I think that, if I'd been an academic historian who spent decades researching a single topic, I would have gone mad with boredom. What I wanted to do as a novelist of historical speculative fiction was learn about a lot of different topics of American history. My background was as a journalist and as a history writer for general audiences; I was used to immersing myself in topics that I'd previously known nothing about.

As a novelist, I researched in the Library of Congress, in university libraries, in regional studies libraries, in museums and historical sites, and – more and more – in the substantial offerings of the Internet. Worried that I was becoming overly dependent on electronic research, I checked with my father, who was now retired from his job as a university professor and was devoting his time to his research projects. He told me that eighty percent of his own research was now done online. Digital history had become that important.

I issued my stories initially on e-mail lists devoted to online fiction. Readers asked for more stories. By 2007, I was publishing my stories as e-books. My Turn-of-the-Century Toughs cycle was an odd blend of alternate history, adventure, suspense, romance (gay, heterosexual, and asexual), and even a few science fiction stories and young adult tales. My Three Lands series also didn't seem to fit neatly into normal genre categories. But I continued to be prodded by readers for more stories. Clearly, there was some sort of audience for what I was writing.

It was in 2016 – more than twenty years after I began researching online, and nearly forty years after my father showed me the National Union Catalog – that it occurred to me that there might be other novelists who were earlier in learning how to do historical research than I was by this point. And perhaps there were also novelists out there like the nonfiction authors I'd researched for in the 1980s and 1990s, who chose to farm out some of their research tasks.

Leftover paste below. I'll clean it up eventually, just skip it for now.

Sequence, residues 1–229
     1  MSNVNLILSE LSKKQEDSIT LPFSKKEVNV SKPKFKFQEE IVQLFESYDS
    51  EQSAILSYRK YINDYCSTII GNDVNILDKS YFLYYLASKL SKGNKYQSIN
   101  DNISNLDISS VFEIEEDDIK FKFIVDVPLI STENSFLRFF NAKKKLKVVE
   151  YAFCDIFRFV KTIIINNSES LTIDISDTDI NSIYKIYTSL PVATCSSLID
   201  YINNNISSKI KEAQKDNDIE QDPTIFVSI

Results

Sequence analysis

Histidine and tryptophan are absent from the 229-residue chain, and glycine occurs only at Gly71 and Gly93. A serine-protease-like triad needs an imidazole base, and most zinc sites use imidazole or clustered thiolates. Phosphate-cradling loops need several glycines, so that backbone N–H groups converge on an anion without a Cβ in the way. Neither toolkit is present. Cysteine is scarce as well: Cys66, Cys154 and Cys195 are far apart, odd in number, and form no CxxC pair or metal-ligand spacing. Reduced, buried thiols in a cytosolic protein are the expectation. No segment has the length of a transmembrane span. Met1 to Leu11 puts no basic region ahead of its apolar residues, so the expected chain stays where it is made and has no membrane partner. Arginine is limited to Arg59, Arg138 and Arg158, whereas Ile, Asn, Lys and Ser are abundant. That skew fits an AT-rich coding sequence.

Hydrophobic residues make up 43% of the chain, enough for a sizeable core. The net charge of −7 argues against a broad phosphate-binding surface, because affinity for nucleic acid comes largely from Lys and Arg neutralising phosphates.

I knew that the film industry made heavy use of historical consultants, to supplement the research done by historical scriptwriters. Curious now, I decided to see how many historical researchers worked with novelists. I figured that the number must be substantial.

To my shock, I discovered that only a handful of historical researchers specialize in working with authors, and only a small percentage of these specialize in working with novelists.

So I set up my shingle.

I recently opened my business, Historicalfic: Historical Research for Fiction Writers. I'm looking forward to being able to learn about new topics through my research for other writers. But most of all, I'm looking forward to recreating that day, long ago, when my father took me to a library and taught me a bit of what he knew. I'd like to hand on what I've learned since then to other authors, and to learn from them.

Dusk Peterson's latest novel is Sweet Blood, from the award-winning alternate history series The Eternal Dungeon. The Eternal Dungeon has been split by a civil war, with the division clearly marked by a quarrel between two Seekers (torturers) whose faithfulness to each other has already become legendary. Into this explosive situation arrives a new Seeker, one who is determined to see that past evils do not continue in the dungeon. But can he keep control of himself when assigned a prisoner who falls in love with him?

"The word-building in this story is phenomenal, and the fact that it's inspired by historical events is even more exciting."Rainbow Awards 2017 judge.
Honored in the Rainbow Awards, Dusk Peterson writes historical speculative fiction with diverse characters: historical fantasy, alternate history, and retrofuture science fiction. Friendship, romantic friendship, and romance often occur in the stories. Dusk Peterson also runs Historicalfic: Historical Research for Fiction Writers. A resident of Maryland, Mx. Peterson lives with an apprentice and several thousand books.
To learn more you can visit both their author website and research website and connect on Twitter (both author and research accounts), Facebook, and Goodreads.